Since its proposal by Alan K. Laws in Toronto in the late 1960s, and subsequent publication , there have been many descriptions of the titration of PEEP. For the bedside clinician, PEEP is utilized in an attempt to increase the FRC, and has the potential to achieve the following goals:
• Improved oxygenation (permitting lowered FiO2)
• Improved compliance
• Improved hemodynamic status (reduced pulmonary vascular resistance, reduced left ventricular afterload)
• Reduced stretch-induced lung injury (and concomitant lung-to-systemic release of inflammatory factors)
• Elimination of auto-PEEP
While these goals are admirable, they need to be weighed in the context of the potential deleterious effects of excessive PEEP including:
• Reduced compliance (if over-inflated)
• Impaired hemodynamic status (reduced right - and maybe left - ventricular preload)
The effects of PEEP on oxygenation and hemodynamics occur rapidly with changes in PEEP, and, therefore, are well appreciated by any bed-side intensivist. An early attempt to titrate the beneficial effects of PEEP on oxygenation against the deleterious effects on hemodynamics represented one of the first attempts to integrate several key ICU parameters in ICU patients . In terms of clinical trials of the application of PEEP in ARDS, three studies are especially important. Amato et al demonstrated that maintenance of PEEP at a level greater than the LIP in a PV curve, as well as utilizing small Vt, was associated with a significantly better survival compared with a strategy consisting of lower PEEP plus higher Vt . Application of 'prophylactic' PEEP was not associated with improved outcome in ARDS , and preliminary data from a recently completely study suggest that use of PEEP to induce recruitment is not associated with improved outcome 10. The full data from this study are not yet available, and it is not clear that the applied PEEP resulted in lung recruitment 10.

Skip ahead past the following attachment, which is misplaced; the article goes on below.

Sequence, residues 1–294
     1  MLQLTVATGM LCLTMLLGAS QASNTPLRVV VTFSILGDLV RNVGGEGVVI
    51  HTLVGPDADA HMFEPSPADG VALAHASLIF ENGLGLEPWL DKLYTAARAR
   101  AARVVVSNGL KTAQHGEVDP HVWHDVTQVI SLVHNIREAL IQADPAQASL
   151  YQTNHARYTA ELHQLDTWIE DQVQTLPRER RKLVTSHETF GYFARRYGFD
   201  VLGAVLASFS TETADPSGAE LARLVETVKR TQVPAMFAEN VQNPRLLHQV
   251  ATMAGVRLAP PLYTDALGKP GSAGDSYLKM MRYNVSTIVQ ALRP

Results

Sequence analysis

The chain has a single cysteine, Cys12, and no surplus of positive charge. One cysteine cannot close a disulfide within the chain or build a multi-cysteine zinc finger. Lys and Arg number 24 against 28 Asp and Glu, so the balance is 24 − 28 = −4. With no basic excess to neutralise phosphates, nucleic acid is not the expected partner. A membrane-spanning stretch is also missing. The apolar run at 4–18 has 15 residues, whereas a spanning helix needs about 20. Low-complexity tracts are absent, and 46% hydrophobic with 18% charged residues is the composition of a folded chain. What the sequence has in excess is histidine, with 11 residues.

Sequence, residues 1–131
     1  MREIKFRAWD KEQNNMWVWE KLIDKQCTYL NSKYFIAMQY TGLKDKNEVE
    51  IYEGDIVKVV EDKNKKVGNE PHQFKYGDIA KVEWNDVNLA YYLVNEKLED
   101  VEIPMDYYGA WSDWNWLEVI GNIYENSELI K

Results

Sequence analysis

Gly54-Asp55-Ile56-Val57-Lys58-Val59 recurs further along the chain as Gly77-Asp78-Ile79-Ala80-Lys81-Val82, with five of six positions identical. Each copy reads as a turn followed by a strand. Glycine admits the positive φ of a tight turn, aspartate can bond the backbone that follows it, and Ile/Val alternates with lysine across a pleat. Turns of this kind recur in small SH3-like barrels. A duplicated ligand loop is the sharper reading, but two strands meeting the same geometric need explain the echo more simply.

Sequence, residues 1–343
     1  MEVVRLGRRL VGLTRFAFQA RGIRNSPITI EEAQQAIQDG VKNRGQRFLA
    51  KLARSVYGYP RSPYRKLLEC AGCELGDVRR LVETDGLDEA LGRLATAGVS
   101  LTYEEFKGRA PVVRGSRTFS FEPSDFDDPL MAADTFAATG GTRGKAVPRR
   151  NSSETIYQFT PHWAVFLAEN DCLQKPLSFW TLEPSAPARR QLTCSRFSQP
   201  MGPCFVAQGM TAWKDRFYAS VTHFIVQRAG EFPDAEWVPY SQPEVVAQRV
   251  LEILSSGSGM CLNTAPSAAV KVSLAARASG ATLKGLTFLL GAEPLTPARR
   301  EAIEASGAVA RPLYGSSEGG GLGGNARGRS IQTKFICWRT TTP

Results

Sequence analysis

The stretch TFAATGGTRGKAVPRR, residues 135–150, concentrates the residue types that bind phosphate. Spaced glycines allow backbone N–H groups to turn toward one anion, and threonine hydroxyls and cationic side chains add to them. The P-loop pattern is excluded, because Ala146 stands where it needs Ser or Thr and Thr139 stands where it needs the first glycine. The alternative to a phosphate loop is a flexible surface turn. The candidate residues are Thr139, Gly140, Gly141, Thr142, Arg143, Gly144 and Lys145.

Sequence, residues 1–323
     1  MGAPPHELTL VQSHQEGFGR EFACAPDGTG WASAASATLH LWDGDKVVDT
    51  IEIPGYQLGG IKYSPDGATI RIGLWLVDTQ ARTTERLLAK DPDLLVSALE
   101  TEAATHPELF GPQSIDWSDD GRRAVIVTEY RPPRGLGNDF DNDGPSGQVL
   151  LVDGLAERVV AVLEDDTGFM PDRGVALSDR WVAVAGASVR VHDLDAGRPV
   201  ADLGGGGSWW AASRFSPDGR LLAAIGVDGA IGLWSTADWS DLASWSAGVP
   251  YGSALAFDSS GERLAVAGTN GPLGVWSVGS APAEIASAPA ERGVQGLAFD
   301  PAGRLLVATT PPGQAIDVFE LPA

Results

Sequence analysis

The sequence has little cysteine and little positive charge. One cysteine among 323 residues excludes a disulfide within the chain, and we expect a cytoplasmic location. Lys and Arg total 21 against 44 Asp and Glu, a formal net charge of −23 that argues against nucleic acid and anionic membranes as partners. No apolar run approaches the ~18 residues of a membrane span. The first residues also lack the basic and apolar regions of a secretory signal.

However, several issues have become prominent since then. First, patients with ARDS represent a heterogeneous population in terms of the etiology of their respiratory failure, as well as the 'morphology' of the lung injury. Although most acute forms of lung injury are similar at a microscopic (i.e., histologic) level, wider utilization of bedside respiratory mechanics and Ct scanning  has increased our appreciation of different categories of ARDS . Indeed Gattinoni et al. have suggested that the etiology of ARDS is related to the characterization of the subsequent lung mechanics, wherein 'pulmonary' etiology (e.g., aspiration, primary pneumonia) results in ARDS associated with consolidated, non-recruitable lung, whereas 'non-pulmonary' etiology (e.g., sepsis) results in recruitable lung . Second, the protection against stretch-induced lung injury afforded by PEEP is largely accepted in the laboratory literature, spanning multiple experimental models of VILI [42,43]. However, this is far from obvious in the clinical environment, given the mixed outcomes from clinical studies. In this context, timing may be extremely important. A recent clinical study , demonstrated that the ability to recruit lungs depends on the timing of the efforts: recruitment is easier in the setting of early lung injury, and is more difficult when injury is more established.
In a recent provocative article, Rouby et al. developed a paradigm for characterizing patients with ARDS . In that paper, the authors outline the importance of early assessment of CT-based morphology and bedside compliance in patients with ARDS. Following this, they outline an approach to optimization of PEEP, based on the slope of the PV curve, as well as the values of the lower and upper inflection points . The rationale for this approach is largely based on their division of ARDS into two basic populations. In cases with diffuse hyperdensities accompanied by a 'high' LIP (>5 cmH2O) and a 'non-compliant' PV curve (slope <<50 ml/cmH2O), higher levels of PEEP are likely to be necessary, and are unlikely to cause problematic hyperinflation. Conversely, where the hyperdensities are focal and accompanied by a 'low' LIP (<5 cmH2O) and a 'compliant' PV curve (slope >50 ml/cmH2O), lower levels of PEEP are likely to be optimal; however, higher levels are likely to cause hyperinflation with the potential for barotrauma.